COLUSA, Calif. — Chip Struckmeyer's rice farm is a model of 21st-century efficiency. With the help of his son and a manager, he farms 485 acres of sticky clay soil, hiring planes to fly in seed at planting time and using high-tech laser equipment to level his fields.
Last year, thanks to favorable weather, Struckmeyer and other California rice growers produced a record crop of high-quality short- and medium-grain rice, much of which went to Japan.
But those ample supplies, plus competition from Asian suppliers, kept rice prices 30% below those of the previous year, while the cost of fuel and fertilizer soared. Even with tens of thousands of dollars in aid from the government, the Colusa farmer figures he lost at least $100 an acre. Rice prices have risen this year, but he still doesn't think he'll make up last year's losses.
"Even if right now we could sell 1 million more sacks of rice, what's the benefit if the price is below the cost of production?" asked the 57-year-old Struckmeyer, who is cutting back his rice acreage and shifting to high-value medicinal plants and herbs such as lavender, basil and rose geranium.
Here in the rich Sacramento Valley, the nation's second-largest rice-producing region, free trade is losing its luster. Though U.S. farm exports are rising, imports are growing even faster, putting the U.S. on track to register its first trade deficit in agriculture in nearly five decades.
Fifteen years ago, the U.S. had a 20% share of the global rice market. Today that has dropped to 12%.
As the nation's leading exporter of farm goods, California has a huge stake in the effort underway in the 148-member World Trade Organization to get the world's richest countries to give up billions of dollars in farm supports in exchange for increased access to other markets.
If successful, the Doha trade round could dramatically reshape global agriculture trade. Heavily protected producers in rich and poor countries would be undercut as more-efficient farmers emerge in countries such as Brazil, Argentina and parts of Southeast Asia. High-cost producers would be forced to move out of lower-paying commodity crops and into niche markets.
The double-edged sword of trade liberalization can be seen in California. California farmers received $5.3 billion in subsidies from 1995 to 2004. But more than 90% of the state's farmers grow crops such as oranges and nuts that receive almost no government aid and would benefit from market-opening measures.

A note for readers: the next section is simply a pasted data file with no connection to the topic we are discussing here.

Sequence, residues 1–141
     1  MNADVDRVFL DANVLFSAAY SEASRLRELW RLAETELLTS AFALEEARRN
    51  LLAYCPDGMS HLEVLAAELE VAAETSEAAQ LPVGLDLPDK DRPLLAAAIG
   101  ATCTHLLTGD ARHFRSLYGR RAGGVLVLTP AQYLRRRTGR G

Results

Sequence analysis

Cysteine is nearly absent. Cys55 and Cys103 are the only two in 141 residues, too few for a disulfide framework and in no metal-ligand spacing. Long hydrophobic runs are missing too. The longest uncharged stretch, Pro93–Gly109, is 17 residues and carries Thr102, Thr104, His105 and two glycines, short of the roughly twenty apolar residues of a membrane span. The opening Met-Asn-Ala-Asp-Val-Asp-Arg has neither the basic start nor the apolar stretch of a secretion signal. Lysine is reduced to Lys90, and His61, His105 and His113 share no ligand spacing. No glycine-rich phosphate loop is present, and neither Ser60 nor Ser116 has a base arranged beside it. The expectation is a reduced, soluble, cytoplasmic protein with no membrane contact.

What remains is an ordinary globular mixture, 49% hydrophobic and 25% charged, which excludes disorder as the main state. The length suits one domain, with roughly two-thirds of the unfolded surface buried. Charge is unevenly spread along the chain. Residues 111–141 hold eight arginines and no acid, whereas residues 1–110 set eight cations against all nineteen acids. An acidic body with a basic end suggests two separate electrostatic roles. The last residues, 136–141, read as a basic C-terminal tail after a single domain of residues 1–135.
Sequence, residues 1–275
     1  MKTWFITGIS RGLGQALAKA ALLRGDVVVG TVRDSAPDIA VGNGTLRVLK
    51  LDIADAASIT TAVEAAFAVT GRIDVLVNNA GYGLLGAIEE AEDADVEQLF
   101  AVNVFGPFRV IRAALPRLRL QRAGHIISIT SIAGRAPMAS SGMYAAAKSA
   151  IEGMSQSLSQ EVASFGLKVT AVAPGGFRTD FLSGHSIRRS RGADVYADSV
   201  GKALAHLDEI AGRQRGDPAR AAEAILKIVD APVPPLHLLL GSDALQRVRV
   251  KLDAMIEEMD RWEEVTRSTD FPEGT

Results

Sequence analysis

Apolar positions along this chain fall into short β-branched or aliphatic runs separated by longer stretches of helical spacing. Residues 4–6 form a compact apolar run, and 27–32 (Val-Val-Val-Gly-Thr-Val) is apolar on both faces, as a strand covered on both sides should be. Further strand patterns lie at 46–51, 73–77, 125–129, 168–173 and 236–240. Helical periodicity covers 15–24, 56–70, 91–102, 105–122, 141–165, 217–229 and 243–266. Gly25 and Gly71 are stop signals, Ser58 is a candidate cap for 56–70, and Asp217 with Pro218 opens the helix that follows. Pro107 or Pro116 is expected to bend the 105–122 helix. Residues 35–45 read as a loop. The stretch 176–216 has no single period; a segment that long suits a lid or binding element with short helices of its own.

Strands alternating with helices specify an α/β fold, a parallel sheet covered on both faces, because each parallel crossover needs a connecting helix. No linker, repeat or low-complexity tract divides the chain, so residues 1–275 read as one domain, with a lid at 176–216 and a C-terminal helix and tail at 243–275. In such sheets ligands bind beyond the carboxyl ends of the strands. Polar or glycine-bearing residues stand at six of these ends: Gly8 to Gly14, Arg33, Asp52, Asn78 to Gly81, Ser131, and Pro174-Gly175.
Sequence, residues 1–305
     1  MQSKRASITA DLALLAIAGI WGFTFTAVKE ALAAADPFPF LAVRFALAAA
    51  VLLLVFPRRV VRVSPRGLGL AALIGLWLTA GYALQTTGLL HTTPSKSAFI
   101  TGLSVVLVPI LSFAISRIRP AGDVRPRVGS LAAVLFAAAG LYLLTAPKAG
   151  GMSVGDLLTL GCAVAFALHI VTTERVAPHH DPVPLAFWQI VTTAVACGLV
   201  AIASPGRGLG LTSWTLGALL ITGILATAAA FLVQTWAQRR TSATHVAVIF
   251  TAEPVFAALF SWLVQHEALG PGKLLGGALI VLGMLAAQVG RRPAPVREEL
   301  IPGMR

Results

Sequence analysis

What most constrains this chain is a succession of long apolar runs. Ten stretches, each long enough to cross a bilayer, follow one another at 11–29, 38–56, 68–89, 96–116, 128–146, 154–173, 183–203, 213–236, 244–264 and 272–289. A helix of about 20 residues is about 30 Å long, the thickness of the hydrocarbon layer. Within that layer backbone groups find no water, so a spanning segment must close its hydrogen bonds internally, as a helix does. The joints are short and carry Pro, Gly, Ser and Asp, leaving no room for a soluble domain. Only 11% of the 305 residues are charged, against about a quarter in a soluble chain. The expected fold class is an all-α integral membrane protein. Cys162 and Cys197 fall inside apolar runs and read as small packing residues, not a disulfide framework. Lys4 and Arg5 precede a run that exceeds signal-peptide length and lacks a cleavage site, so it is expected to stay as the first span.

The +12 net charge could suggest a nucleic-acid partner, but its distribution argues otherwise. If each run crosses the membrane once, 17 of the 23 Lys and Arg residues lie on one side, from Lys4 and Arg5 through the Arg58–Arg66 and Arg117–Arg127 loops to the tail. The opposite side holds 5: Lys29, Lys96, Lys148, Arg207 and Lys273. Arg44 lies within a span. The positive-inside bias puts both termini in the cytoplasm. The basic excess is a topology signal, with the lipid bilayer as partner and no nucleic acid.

California citrus producers, for example, face tariffs as high as 50% in China and compete against European farmers, who receive large tax rebates and other government subsidies. "We are significantly disadvantaged at this point," said Mike Wooten, vice president of corporate relations for Sunkist Growers Inc., a grower-owned marketing cooperative.
Rice farmers aren't happy about being labeled big-time recipients of corporate welfare, but they don't apologize for taking the government's money. They say it is the only way they can survive when they face such high trade barriers in other countries and high production costs. Rice, which requires large amounts of water, fertilizer and land, costs four times as much to produce as corn or soybeans.
Last year California rice farmers received $140 million in subsidies, an average of $37,089 per recipient, according to the Environmental Working Group, an organization based in Washington that has been a chief critic of farm subsidies.
Don Bransford, who produces rice, almonds and prunes on 900 acres of land near Colusa, said he would be more than happy to relinquish his government paycheck if he knew Japan and other large rice consumers were following suit.
"Market access is really important to us," said the fourth-generation farmer.
"But the government seems more interested in making deals than enforcing existing agreements."
Japan is emblematic of dashed expectations in the California rice industry. A decade ago, California growers celebrated when U.S. officials negotiating the last big trade deal, known as the Uruguay round, persuaded Japan and South Korea to crack open their lucrative markets to imported rice.
California now sells 300,000-plus tons of rice to Japan a year, making it the state's top export market. But to protect its farmers, the Japanese government buys up that rice and stores it in a warehouse or sells it to industrial users, who use it in flour, sake and other products. Similar restrictions exist in South Korea and Taiwan.
Because California farmers can't sell directly to Japanese consumers, they haven't been able to exact a premium for their high-quality, high-priced product. In Turkey, for example, customers will pay as much as $200 a ton more for the Cal-Rose label because of its reputation for quality.